COPENHAGEN (Reuters) - Vestas (VWS.CO) faces lower future profitability and possible subsidy cuts that could hit U.S. sales, it warned on Thursday, sending shares in the world’s largest wind turbine maker tumbling by nearly 20 percent.
The Danish company’s CEO, Anders Runevad, said the industry is having to contend with intensifying competition and falling profitability, echoing similar comments from rivals Siemens Gamesa (SGREN.MC) and Nordex (NDXG.DE), shares in which have plunged by as much as two thirds this year.
The changing dynamics in the global windpower industry are largely down to governments from Europe to Latin America halting tariff payments and turning to competitive tenders, putting downward pressure on prices throughout the supply chain
“Vestas has steered around the price pressure that competitors have talked about for the last six months. But now the CEO confirms that it’s also hitting them,” said Casper Blom, analyst at Nordic investment bank ABG Sundal Collier.
Of particular concern to the company is the proposed U.S. tax bill that, if adopted in its current form, would make renewable energy projects more expensive in world’s second-biggest market -- the market to which Vestas is most exposed.
Suppliers in the United States have relied on production tax credits (PTC) agreed in 2015 worth 2.4 cents per kilowatt-hour (kWh). The proposed bill would cut that to 1.5 cents per kWh.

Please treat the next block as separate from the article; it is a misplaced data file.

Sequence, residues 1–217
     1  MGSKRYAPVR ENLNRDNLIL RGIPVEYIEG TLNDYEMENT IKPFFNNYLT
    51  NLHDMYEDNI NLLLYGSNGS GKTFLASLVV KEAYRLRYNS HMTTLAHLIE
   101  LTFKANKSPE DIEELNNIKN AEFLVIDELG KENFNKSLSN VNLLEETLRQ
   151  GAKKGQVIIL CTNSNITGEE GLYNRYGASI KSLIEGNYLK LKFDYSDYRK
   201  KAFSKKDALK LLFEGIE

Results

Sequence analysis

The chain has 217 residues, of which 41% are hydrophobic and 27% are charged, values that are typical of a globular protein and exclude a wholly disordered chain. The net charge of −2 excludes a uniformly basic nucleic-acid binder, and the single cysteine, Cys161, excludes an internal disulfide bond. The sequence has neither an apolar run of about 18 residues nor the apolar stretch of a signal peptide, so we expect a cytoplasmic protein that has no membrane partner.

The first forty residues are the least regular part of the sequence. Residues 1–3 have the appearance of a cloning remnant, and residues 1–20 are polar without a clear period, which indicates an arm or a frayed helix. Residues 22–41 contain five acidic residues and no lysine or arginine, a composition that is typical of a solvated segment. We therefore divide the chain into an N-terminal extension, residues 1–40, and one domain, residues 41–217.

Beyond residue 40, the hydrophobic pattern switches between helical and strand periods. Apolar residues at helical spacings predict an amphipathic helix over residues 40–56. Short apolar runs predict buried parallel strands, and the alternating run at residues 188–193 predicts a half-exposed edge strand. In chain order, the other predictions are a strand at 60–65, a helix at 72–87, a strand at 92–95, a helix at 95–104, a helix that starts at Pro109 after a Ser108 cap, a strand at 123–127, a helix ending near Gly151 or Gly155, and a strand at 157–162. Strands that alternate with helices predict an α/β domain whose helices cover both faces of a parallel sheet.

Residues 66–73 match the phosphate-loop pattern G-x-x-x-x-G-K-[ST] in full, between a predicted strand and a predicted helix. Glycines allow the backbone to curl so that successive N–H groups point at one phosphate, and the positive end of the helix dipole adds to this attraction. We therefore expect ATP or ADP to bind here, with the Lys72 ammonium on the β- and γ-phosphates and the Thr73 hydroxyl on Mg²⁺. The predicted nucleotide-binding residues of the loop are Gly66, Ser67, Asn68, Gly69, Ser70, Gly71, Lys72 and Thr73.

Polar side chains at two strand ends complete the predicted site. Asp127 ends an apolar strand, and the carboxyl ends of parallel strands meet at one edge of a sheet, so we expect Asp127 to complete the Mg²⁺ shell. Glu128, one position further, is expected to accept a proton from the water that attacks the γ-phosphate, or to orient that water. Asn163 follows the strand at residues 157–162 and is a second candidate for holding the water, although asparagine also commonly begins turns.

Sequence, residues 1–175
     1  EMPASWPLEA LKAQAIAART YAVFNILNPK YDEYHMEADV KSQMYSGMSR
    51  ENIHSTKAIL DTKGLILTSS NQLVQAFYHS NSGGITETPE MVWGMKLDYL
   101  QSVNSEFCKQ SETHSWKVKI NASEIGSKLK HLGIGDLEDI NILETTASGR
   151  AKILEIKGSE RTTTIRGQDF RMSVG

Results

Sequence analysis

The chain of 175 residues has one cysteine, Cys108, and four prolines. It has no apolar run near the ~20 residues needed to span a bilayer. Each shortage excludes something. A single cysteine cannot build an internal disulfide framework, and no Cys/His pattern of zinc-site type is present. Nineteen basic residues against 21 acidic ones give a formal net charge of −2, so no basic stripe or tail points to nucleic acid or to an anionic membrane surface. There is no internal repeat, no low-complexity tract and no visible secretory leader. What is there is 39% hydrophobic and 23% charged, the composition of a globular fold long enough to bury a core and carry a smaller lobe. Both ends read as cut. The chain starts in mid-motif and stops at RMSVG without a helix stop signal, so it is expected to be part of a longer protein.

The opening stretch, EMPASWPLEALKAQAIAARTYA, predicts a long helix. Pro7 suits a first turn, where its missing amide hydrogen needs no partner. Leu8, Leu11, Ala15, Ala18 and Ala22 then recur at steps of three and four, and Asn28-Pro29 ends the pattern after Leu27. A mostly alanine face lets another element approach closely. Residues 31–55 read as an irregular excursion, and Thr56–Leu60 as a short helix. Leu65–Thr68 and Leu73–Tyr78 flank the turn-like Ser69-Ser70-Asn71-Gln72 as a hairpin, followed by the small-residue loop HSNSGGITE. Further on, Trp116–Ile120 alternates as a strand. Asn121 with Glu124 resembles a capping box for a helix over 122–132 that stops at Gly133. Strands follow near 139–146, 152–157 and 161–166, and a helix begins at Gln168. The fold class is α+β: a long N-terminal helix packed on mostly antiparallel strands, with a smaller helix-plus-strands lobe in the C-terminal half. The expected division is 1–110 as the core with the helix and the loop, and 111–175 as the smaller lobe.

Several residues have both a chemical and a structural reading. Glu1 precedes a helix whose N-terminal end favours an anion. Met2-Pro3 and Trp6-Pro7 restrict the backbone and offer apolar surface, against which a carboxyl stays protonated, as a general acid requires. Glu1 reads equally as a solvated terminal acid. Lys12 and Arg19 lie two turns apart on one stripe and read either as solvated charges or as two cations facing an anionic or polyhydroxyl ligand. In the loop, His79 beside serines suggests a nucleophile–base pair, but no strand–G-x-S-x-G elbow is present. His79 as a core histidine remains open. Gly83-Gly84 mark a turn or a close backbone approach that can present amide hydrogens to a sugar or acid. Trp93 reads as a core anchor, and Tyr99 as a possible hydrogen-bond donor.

Vestas finance chief Marika Frederiksson said that orders expected this year, which would qualify for tax credits under the current scheme, could be at risk if the bill goes through in its existing form.
She declined to quantify the potential hit, saying this remains highly speculative.
“It’s pretty clear that this is not very positive. But talking to customers, talking to people who definitely know more than I do, it’s very unlikely that it (the bill) will come through as it has been proposed,” Frederiksson told Reuters.
Vestas said it expects 2017 sales of 9.5 billion to 10.25 billion euros ($11.05 billion to $11.92 billion), compared with a previous forecast of 9.25 billion to 10.25 billion euros, disappointing some analysts who had expected an upward revision.
Shares in the company were down 19 percent at 427 Danish crowns at 1135 GMT, their lowest level since December 2016.
Until this month Vestas shares had achieved a twentyfold increase since 2012, when uncertainty over political support in the United States also dogged the wind industry.
Vestas also trimmed its 2017 EBIT margin forecast to 12-13 percent from 12-14 percent, partly due to increased competition.
Order intake in the third quarter came with an average selling price of 0.80 euros per megawatt, compared with the 0.86 expected by analysts and 0.81 achieved in the second quarter.
The average selling price was negatively affected by highly competitive markets, Frederiksson said, adding that prices are unlikely to rise again.
“Our customers are trying to adapt to the new reality in auctions and sometimes they are very aggressive in pricing, which obviously puts pressure on suppliers,” she said.
Orders in the quarter came in at 2,615 megawatts, topping the 2,343 MW expected in a Reuters poll of analysts. Operating profit before special items fell 18 percent to 355 million euros, missing the 404 million poll forecast.
Main rival Siemens Gamesa this month said that it plans to cut as many as 6,000 jobs as it braces for sales to plunge by as much as a fifth next year.
($1 = 6.4166 Danish crowns)
($1 = 0.8598 euros)
(This version of the story was refiled to fix typographical error in second paragraph)
Reporting by Stine Jacobsen; Additional reporting by Teis Jensen; Editing by David Goodman